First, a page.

lamentation

noun
lam·​en·​ta·​tion | \ ˌla-mən-ˈtā-shən How to pronounce lamentation (audio) \

Definition of lamentation

: an expression of sorrow, mourning, or regret : an act or instance of lamenting a song of lamentation … blending a lamentation over the effects of time with a kind of apologia for it.— Glen R. Brown

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Synonyms & Antonyms for lamentation

Synonyms

Antonyms

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Examples of lamentation in a Sentence

bitter lamentations for the dead words spoken in lamentation for the dead
Recent Examples on the Web In the background one of his young children, teething and not happy about it, offered wordless lamentation for extra tension. Michael Phillips, chicagotribune.com, "For Chicago’s movie theaters, particularly the Music Box Theatre, ‘the gloom and doom has returned.’ Welcome to the club.," 19 Nov. 2020 Sometimes, property losses (those resulting from failure to pay a valid debt) are the cause of lamentation and the rending of garments, and sometimes property losses (those imposed by criminal violence) are no big deal. Kevin D. Williamson, National Review, "A Clutch of Fools," 2 Sep. 2020 Mr Johnson’s declaration was met with lamentation from all sides, including Conservatives such as David Cameron, his predecessor-but-one as prime minister, and a bevy of Tory former ministers in charge of dispensing aid. The Economist, "A Boris bombshell in Whitehall British diplomats and donors are told to merge," 20 June 2020 Bryant’s legacy cut across multiple fields -- sports, entertainment, business -- and social media erupted with messages and lamentations. Eben Novy-williams, Bloomberg.com, "Kobe Bryant Dies in Helicopter Crash in California," 26 Jan. 2020 Flamenco is street opera; an ecstatic mode of complaint; lamentation, some say, straight from the cavelike forges of the Romany blacksmiths. James Parker, The Atlantic, "How Flamenco Went Pop," 21 Dec. 2019 Their one night off from their daughter’s deathbed, the true reason for the friends’ visit, had obviously been spent in lamentation. Lauren Groff, The Atlantic, "Birdie," 14 Jan. 2020 Her death drew an outpouring of admiration and lamentation from other Trek alums such as Michael Okuda and George Takei on social platforms and in public statements. Samuel Axon, Ars Technica, "Star Trek writer and Hollywood trailblazer D.C. Fontana has died," 4 Dec. 2019 But the faces denied entrance are yours, the weak ones are yours, lamentations and anthems streaking through your veins, dark with sleet and thaw. Joanna Klink, The New Republic, "Night Sky," 3 Oct. 2019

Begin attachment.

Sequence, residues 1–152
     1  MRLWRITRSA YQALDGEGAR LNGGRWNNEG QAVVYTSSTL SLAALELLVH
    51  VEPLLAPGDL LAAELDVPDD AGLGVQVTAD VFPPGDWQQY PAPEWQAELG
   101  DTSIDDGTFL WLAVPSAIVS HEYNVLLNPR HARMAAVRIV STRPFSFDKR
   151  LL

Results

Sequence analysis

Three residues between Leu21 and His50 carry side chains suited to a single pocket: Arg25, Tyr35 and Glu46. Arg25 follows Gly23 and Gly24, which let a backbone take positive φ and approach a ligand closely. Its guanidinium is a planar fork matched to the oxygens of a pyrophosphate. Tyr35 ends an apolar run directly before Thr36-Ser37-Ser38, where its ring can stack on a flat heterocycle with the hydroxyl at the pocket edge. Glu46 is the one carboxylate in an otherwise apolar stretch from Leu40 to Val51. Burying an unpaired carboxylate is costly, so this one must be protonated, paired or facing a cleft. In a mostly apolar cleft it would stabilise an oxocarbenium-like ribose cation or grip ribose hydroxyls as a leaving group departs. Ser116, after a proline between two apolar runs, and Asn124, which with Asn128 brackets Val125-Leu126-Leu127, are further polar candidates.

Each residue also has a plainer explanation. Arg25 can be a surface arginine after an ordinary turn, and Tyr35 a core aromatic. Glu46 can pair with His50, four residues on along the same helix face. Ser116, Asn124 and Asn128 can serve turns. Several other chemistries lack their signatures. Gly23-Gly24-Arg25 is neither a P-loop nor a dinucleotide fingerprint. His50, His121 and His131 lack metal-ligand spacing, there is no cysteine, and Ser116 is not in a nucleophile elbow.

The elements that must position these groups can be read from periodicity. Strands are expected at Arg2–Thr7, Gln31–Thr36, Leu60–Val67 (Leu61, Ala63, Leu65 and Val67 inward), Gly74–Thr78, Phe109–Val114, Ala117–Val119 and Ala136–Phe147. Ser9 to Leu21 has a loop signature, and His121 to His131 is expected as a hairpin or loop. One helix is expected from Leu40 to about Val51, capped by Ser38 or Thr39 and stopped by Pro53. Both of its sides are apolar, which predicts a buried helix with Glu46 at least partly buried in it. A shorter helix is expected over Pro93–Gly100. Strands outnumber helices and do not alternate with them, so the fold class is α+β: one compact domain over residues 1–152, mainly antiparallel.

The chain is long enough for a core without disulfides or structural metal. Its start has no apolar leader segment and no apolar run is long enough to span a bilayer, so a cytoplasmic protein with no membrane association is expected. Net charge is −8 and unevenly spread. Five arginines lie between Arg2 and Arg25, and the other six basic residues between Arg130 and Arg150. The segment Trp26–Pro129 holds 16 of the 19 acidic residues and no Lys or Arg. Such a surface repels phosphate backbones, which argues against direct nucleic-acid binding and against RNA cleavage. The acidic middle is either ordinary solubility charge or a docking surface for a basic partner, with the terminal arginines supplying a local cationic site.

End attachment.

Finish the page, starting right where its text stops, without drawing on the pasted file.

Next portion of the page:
These example sentences are selected automatically from various online news sources to reflect current usage of the word 'lamentation.' Views expressed in the examples do not represent the opinion of Merriam-Webster or its editors. Send us feedback.

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First Known Use of lamentation

14th century, in the meaning defined above

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Time Traveler for lamentation

Time Traveler

The first known use of lamentation was in the 14th century

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Statistics for lamentation

Cite this Entry

“Lamentation.” Merriam-Webster.com Dictionary, Merriam-Webster, https://www.merriam-webster.com/dictionary/lamentation. Accessed 1 Mar. 2021.

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More Definitions for lamentation

lamentation

noun

English Language Learners Definition of lamentation

formal : an expression of great sorrow or deep sadness

lamentation

noun
lam·​en·​ta·​tion | \ ˌla-mən-ˈtā-shən How to pronounce lamentation (audio) \

Kids Definition of lamentation

1 : great sorrow
2 : an expression of great sorrow Mourners uttered lamentations.

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Comments on lamentation

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